If I'm being completely honest, I can identify with Jonah. When I encounter difficult people, outright enemies or those with whom I disagree strongly, my response is all too often anger and judgement. I want them to get what they deserve and I expect that God may just take care of that someday. While I clearly see the irony in Jonah's actions, I'm often blind to the terrible irony of my own. Just as Jonah was saved by three days in the belly of a fish, I've been saved by a God who spent three days in a tomb and was raised from the dead to pay for my sins. Having been saved by God's extravagant grace, how can I be unwilling to extend grace to others? Jonah caused me to rethink that question.

The second thing that jumped out at me in Jonah's story occurs at the very end of the book. After Nineveh repents and Jonah gets angry, Jonah sits down outside the city to sulk. God causes a plant to grow up over Jonah, providing him shade to comfort him from the heat of the day. Jonah, of course, is thrilled with this development. The next day God sends a worm to attack the plant, causing it to whither, along with a scorching east wind. Jonah, in a typical rapid reversal, once again says he'd rather die than go on living. God's rebuke of Jonah hits me right where I live:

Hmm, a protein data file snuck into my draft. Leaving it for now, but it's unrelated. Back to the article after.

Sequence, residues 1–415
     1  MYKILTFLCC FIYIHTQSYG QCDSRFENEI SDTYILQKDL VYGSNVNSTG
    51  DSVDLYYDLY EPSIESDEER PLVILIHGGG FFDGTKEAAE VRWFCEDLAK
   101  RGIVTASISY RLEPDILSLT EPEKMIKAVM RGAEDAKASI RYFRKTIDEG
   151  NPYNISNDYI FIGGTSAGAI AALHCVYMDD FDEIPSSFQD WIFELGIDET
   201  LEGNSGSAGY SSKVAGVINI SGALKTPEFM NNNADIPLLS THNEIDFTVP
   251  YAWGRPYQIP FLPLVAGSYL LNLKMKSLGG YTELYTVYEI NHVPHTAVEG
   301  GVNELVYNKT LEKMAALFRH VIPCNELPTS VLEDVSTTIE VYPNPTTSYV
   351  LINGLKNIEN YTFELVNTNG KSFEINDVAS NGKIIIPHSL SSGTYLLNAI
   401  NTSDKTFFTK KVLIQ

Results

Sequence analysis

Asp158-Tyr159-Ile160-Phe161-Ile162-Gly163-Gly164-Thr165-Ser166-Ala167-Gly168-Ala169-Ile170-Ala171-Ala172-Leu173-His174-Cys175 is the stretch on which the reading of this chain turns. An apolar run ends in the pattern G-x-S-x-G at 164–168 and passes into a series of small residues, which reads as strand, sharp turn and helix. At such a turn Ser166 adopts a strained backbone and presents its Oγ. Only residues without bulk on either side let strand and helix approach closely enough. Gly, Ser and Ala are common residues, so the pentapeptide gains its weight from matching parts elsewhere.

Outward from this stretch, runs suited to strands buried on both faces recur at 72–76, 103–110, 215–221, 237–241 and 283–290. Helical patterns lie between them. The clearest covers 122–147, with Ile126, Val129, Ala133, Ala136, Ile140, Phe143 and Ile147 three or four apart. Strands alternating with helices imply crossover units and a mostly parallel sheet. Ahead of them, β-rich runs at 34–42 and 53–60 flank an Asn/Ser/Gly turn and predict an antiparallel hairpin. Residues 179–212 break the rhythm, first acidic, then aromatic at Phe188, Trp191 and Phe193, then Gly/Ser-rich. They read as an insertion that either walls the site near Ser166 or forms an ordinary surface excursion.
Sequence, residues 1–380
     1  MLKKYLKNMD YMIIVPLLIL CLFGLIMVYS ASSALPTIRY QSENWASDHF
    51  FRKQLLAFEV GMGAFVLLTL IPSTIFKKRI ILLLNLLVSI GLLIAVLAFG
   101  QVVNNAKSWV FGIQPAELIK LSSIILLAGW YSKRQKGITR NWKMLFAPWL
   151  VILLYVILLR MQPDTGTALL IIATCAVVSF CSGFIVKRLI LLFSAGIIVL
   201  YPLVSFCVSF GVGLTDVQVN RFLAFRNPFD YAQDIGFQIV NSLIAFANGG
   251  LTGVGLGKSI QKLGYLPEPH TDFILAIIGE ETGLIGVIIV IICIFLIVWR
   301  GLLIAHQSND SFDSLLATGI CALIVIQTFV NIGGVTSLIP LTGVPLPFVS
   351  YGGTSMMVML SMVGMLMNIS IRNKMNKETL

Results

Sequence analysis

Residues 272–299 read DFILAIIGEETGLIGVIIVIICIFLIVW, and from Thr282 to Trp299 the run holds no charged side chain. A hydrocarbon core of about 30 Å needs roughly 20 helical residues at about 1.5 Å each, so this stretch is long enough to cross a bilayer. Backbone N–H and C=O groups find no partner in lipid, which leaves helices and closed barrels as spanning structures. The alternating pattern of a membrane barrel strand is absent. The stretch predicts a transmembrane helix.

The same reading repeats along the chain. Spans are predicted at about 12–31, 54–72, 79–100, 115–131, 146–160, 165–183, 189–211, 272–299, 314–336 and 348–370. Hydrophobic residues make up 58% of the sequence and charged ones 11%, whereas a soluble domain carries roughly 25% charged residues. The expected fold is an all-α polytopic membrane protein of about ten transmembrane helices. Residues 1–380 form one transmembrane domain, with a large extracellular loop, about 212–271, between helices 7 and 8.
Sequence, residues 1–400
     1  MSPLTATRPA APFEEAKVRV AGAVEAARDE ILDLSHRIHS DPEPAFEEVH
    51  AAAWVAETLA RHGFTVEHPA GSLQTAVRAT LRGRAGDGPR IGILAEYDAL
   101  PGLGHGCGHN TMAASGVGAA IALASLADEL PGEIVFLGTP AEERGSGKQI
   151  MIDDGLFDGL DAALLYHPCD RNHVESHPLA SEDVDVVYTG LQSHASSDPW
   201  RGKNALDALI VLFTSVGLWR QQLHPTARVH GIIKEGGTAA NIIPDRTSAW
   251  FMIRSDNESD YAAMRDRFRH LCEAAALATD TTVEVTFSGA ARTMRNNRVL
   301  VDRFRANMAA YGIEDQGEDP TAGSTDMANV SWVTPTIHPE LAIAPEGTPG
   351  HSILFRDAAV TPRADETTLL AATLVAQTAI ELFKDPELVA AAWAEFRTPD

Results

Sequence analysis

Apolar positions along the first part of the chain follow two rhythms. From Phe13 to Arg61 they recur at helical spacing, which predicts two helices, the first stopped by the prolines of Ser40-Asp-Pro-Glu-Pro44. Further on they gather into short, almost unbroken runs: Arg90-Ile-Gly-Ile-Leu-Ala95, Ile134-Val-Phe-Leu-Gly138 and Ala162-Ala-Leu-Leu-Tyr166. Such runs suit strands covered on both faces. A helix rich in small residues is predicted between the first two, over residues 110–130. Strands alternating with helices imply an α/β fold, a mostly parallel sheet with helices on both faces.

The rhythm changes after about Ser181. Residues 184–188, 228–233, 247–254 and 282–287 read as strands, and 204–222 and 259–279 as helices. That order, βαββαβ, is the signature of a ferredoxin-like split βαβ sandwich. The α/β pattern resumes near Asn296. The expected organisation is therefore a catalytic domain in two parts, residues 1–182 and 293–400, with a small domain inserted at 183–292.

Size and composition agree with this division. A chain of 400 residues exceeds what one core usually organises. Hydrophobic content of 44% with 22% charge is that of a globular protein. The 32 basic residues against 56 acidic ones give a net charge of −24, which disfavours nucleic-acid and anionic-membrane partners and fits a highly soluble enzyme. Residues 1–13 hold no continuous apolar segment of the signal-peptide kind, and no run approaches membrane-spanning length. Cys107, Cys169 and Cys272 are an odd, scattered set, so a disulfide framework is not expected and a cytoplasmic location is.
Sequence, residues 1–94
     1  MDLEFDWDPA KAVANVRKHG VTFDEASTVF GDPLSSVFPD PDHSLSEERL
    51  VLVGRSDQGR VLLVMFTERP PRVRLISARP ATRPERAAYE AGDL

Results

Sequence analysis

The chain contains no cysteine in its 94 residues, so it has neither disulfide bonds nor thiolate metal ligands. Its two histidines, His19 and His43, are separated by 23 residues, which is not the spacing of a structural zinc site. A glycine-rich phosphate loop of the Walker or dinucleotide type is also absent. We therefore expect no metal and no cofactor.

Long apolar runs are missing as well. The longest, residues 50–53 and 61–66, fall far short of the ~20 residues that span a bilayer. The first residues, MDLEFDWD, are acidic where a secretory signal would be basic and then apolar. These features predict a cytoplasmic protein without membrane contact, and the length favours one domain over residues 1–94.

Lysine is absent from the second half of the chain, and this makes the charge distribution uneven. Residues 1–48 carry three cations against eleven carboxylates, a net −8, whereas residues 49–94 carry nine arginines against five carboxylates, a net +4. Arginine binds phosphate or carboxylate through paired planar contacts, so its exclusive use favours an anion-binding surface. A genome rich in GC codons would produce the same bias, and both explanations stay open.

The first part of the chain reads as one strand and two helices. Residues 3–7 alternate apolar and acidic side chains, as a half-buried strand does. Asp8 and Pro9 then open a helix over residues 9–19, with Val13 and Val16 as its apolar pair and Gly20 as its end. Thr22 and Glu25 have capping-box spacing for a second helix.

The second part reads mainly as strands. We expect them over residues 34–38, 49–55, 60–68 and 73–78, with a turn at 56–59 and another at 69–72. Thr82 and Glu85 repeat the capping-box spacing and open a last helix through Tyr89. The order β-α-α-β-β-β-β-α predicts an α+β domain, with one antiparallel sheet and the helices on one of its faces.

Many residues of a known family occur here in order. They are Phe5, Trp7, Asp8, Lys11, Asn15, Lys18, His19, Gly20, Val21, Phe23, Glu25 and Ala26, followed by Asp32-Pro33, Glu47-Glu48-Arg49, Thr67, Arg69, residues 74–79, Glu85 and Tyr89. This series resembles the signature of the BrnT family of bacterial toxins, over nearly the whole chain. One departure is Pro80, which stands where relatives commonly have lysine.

But the Lord said, "You have been concerned about this plant, though you did not tend it or make it grow. It sprang up overnight and died overnight. And should I not have concern for the great city of Nineveh, in which there are more than a hundred and twenty thousand people who cannot tell their right hand from their left—and also many animals?" (4:10-11)

Jonah had completely lost perspective. As a prophet of God, a man who heard God's voice and delivered his word, Jonah showed more concern over a plant than he did over 120,000 souls who turned to God. Ouch. Imagine getting so caught up in our own self-centered circumstances that we fail to see the broader circumstances around us that may have eternal implications. This lesson really challenges me as I spend so much of my time each day focused on my own circumstances and problems. How many opportunities do I miss by failing to see with kingdom eyes and an eternal perspective?

May God give us the grace we need to extend grace to others, especially those with whom we disagree and those who may view us as enemies. And, may God help us to have an eternal perspective, to lift our eyes beyond our own circumstances to see the world as he sees it. If we do so, we'll have learned some worthwhile lessons from the book of Jonah. It's certainly much more than a fish story. 

Job - Suffering Through Loss
God's Judgment
 

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Wednesday, 01 December 2021